François Hollande’s tight victory has started frightening those who are still firm believers in the benefits of liberalism and further reductions to public deficit. Indeed, and although his economic program has yet to be clarified, the new president insisted during his campaign on the necessity for more justice and equity to prevail in France. In people’s minds, this usually means more financial restrictions. Coupled with the Socialist traditional allocation of subsidies to citizens, some may fear France could head towards a Greece-like situation.
None of these fears are justified. François Mitterrand himself firmly defended Socialist policies before suddenly shifting to a liberal position in 1983, two years after he came to power. Since then, the Socialist party has remained a promoter of capitalist development.
Hollande is pragmatic. Whilst he may not implement tough restrictive policies like the ones promoted by Nicolas Sarkozy, nothing indicates he will support policies based on increasing France’s fiscal deficit. The European Union is in crisis, and so is, to a certain extent, France. Any false move could both accelerate the general distrust in the Eurozone and have a negative impact on the country’s ratings.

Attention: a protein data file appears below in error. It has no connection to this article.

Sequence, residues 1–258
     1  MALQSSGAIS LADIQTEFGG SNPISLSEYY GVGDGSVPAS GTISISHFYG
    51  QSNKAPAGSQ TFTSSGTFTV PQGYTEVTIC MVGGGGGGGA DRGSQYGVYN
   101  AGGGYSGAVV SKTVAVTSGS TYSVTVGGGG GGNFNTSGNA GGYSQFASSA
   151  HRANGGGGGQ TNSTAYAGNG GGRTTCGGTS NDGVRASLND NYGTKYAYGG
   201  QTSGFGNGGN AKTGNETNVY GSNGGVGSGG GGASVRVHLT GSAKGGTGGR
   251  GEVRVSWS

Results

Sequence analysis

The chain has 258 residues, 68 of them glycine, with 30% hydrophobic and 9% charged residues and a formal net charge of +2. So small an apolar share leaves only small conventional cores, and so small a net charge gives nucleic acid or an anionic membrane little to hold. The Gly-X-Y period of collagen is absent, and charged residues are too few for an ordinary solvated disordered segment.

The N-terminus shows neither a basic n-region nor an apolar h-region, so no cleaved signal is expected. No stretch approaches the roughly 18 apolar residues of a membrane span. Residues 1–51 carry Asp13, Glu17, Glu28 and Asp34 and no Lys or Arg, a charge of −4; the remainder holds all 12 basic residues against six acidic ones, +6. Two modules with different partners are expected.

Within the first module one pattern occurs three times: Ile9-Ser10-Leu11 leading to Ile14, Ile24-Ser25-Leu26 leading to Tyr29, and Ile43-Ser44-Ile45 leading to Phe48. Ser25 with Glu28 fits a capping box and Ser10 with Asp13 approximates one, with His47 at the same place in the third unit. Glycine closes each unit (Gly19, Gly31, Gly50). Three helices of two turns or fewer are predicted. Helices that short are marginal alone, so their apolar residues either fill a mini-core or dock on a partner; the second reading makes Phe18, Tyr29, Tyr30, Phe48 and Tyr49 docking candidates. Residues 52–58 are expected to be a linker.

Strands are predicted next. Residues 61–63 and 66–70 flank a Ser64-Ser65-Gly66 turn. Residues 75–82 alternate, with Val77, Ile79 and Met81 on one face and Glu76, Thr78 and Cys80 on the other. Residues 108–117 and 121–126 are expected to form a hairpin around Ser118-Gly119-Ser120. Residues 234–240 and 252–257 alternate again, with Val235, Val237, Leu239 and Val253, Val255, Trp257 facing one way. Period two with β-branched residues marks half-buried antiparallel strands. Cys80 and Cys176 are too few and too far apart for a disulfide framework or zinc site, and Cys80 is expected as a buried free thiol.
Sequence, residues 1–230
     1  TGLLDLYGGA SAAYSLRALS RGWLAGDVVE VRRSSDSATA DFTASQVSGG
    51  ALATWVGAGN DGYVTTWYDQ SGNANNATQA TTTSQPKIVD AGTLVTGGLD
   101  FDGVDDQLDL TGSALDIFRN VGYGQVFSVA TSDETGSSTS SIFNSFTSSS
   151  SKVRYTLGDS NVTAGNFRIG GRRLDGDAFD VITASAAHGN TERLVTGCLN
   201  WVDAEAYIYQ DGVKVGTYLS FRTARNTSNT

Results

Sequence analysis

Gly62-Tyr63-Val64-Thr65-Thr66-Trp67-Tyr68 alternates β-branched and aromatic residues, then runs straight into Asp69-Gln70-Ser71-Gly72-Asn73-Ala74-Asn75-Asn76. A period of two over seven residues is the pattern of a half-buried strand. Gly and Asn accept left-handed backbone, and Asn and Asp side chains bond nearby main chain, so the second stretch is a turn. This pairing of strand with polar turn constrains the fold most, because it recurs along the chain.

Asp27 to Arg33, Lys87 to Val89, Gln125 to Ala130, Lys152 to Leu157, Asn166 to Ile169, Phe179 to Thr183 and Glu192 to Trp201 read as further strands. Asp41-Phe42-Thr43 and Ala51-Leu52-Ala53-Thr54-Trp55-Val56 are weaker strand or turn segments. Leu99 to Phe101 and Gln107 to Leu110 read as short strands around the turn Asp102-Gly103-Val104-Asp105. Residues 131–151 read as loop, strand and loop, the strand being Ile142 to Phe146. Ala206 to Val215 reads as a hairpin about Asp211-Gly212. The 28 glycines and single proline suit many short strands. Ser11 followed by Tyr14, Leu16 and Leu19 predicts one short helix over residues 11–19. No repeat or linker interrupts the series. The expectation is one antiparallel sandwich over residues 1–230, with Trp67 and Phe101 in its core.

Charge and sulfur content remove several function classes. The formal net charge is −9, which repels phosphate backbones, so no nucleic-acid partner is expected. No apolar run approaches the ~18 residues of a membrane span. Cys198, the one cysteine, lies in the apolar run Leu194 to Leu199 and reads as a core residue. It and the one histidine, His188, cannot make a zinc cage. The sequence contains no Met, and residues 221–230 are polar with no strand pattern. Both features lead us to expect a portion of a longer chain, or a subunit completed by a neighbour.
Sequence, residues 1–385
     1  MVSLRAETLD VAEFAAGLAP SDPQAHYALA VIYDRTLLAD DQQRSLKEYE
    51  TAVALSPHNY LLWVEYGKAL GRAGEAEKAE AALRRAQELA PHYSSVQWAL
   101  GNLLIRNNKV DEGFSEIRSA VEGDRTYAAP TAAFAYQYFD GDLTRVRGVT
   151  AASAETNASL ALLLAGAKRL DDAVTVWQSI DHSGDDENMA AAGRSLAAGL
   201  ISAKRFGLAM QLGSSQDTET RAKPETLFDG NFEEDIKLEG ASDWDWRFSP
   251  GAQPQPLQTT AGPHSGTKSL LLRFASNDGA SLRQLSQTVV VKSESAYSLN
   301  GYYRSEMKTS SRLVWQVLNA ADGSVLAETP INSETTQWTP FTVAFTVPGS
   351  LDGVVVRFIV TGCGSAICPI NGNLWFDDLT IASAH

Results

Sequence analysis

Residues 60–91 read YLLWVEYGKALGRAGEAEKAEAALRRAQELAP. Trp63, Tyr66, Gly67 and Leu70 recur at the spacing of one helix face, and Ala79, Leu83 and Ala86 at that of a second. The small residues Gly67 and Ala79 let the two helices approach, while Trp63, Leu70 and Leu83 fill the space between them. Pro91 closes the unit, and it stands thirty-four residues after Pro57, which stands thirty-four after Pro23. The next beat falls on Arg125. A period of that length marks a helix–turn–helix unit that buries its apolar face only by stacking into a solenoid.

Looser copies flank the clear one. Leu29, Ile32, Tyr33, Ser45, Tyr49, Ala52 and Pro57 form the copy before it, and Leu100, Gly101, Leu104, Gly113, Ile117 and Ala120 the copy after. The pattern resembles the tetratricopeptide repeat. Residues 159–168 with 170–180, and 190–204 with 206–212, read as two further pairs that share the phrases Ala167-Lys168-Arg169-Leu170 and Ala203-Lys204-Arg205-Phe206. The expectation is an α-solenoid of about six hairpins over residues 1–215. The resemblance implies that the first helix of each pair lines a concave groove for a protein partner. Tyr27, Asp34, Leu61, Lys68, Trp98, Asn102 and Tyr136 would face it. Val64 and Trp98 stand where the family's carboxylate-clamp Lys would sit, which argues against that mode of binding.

In 2007, Sarkozy won the presidential elections thanks to his “social speech”. Today, Hollande has been trusted by French electors for the same reasons. Nevertheless, the newly-elected president shows no signs or willingness to go against what his international counterparts expect. Both Barack Obama and Angela Merkel called him the very evening of his victory: a sign that he will face strong demands to keep on reducing the country’s deficit.
Hollande’s lack of charisma may be a handicap for him. Whichever steps he suggests, he will find it difficult to convince his European and international counterparts of the need to slow down the restrictive policies currently promoted in the Eurozone. In parallel, French citizens’ expectations regarding employment and salaries will also have to wait. France has no real possibilities to suddenly rise to Germany’s level.
With all this in mind, it’s clear that panic is not justified at all. As a whole, Hollande’s policies will most probably be based on further reductions to France’s fiscal deficit. His sticking to the demands of his European counterparts may prevail, which will end up reassuring markets. Clearly, Hollande is not planning to allow Socialism to get back its original meaning.